Join date: Nov 17, 2022



A DC-DC charger is effectively a smart-charger for your 12V system. It isolates the house battery system from the alternator, so that the vehicle’s computer management system sees it as something like a set of lights. At the same time, it boosts the charge at the house battery from as little as 9V back up to 14.4V (or higher, if required) to maximise charging capacity, delivering it in stepped form, like your smart mains charger, achieving close to 100 per cent charge after a day’s driving.

Most DC-DC chargers also act as solar regulators, relocating what’s traditionally been a separate item on your solar panel to a better position – adjacent to the house battery. And these are no ordinary regulators, but maximum power point trackers (MPPT) that optimise your solar panels’ performance.

Most DC-DC chargers draw a higher rate of amperage from the alternator than would be supplied if you let the alternator ‘push’ down the cable. This can be up to 40A or more per hour, quickly replenishing the house battery system.

Complete battery management systems (BMS) are new to the market and incorporate a mains charger, a DC-DC charger and MPPT solar regulator.

These generally come with a high-tech battery monitoring panel and, while expensive, are simple to install, requiring no post-manufacturer wiring between multiple units.

DC-DC chargers benefit from 6B&S/13.5mm² cabling (the conductor, not the conductor plus insulation, which is how most cable is sold). They work with smaller cable, but as the voltage drop through smaller cable increases, the heat produced reduces its conductivity, forcing the charger to work harder, drawing more current and increasing heat. This can continue to the point where the demand exceeds the alternator’s capacity to supply. The energy dissipates as heat is wasted.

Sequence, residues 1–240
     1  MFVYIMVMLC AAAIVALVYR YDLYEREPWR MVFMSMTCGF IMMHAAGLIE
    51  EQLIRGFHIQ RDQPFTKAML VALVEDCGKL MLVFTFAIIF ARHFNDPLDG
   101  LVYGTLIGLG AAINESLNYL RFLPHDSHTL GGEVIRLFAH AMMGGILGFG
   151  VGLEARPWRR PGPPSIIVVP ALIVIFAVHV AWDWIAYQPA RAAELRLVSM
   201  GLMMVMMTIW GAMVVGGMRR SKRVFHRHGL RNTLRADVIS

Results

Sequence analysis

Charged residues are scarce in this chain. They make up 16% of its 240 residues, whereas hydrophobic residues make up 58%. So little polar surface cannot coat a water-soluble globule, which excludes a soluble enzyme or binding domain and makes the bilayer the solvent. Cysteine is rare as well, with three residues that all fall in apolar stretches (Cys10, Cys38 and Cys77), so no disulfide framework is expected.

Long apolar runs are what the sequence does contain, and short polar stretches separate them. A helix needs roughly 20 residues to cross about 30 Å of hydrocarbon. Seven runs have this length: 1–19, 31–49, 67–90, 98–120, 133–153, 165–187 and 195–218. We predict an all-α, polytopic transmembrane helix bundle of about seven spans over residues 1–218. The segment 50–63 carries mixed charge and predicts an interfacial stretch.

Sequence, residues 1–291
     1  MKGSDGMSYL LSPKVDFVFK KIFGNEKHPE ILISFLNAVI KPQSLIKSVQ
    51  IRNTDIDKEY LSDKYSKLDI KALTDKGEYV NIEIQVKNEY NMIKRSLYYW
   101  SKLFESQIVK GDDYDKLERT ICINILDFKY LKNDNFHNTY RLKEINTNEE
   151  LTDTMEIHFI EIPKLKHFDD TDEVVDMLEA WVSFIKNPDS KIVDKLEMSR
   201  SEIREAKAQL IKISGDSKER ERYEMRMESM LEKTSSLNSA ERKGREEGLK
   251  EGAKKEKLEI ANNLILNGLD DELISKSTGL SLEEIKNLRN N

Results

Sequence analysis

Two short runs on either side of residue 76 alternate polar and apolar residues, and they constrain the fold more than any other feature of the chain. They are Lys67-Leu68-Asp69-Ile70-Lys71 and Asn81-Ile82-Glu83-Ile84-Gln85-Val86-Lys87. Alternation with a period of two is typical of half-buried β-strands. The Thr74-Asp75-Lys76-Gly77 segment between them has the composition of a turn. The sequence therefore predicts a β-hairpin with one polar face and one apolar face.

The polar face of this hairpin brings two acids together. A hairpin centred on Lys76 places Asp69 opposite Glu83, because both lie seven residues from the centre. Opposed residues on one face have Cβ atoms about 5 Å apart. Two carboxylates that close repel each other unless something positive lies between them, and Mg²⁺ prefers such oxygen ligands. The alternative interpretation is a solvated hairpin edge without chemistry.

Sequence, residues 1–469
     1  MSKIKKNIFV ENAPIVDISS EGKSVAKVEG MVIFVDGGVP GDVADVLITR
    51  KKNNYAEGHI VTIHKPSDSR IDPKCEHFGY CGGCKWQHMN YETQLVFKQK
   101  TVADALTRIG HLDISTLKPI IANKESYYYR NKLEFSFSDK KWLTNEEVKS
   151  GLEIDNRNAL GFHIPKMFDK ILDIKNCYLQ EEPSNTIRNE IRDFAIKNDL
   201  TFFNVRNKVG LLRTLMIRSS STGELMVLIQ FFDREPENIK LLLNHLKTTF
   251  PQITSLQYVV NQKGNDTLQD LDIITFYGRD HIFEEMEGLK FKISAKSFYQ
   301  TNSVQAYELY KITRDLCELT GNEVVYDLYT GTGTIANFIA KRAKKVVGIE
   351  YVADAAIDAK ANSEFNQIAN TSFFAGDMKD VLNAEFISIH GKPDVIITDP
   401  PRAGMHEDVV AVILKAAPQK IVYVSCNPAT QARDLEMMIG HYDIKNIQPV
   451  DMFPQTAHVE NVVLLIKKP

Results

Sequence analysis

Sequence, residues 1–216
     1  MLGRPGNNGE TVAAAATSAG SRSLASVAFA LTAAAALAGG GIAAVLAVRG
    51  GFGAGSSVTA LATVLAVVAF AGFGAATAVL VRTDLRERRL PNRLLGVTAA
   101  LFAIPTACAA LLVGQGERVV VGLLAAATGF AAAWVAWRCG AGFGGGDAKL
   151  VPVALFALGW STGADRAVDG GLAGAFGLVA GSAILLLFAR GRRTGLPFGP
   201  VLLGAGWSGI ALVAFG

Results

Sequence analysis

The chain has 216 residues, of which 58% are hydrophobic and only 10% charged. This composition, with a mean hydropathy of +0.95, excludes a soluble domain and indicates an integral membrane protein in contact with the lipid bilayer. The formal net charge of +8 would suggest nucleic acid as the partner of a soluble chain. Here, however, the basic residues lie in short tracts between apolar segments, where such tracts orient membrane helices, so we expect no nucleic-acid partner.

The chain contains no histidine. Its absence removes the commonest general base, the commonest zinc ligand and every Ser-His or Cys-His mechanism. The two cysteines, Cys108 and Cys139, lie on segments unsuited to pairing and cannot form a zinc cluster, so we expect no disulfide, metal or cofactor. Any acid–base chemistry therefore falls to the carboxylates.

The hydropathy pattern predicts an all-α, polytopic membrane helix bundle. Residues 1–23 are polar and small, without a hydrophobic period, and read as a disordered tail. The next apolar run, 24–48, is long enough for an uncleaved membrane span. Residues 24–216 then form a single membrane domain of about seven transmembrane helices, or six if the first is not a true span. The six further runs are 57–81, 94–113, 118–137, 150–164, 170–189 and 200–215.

Installing the charger near the house battery overcomes much of that voltage drop, while adhering to the manufacturer-recommended minimum clearance assists in dissipating heat.

DC-DC chargers increase the likelihood of your batteries arriving in camp at close to a full charge, minimises damage to your house battery system from over discharging and, in my opinion, should be fitted as mandatory or at least offered as an option on every camper and caravan sold in Australia.

Many factors can assist. Firstly, limit losses by:

using decent-sized cable from the alternator to the house battery (minimum 6B&S/13.5mm² – that’s close to a pencil in diameter) and replace any of the 6mm cable usually offered

using genuine Anderson plugs (not cheap clones, usually sold as ‘Anderson-style’ plugs)

crimping and soldering all connections.

Secondly, install a DC-DC charger adjacent to the house battery.

None of the units featured here were tested by us, as it would have demanded repeated wiring of the same battery system. We interpreted manufacturer-supplied figures and relied on the opinions of experienced installers.

When choosing a system, look for a good range of operating temperature, a good waterproof and dust (IP) rating, solar regulating capacity, adaptability to a wide range of battery chemistries and a wide range of input voltages.

The IP rating is a measure of a unit’s resistance to external intrusion, the higher the number the more resistant it is to the ingress of dust and water. The first number refers to dust, with 6 the highest standard, and the second to waterproofing, with 8 as fully submersible to 1m of water.

Tina Yu

Tina Yu

More actions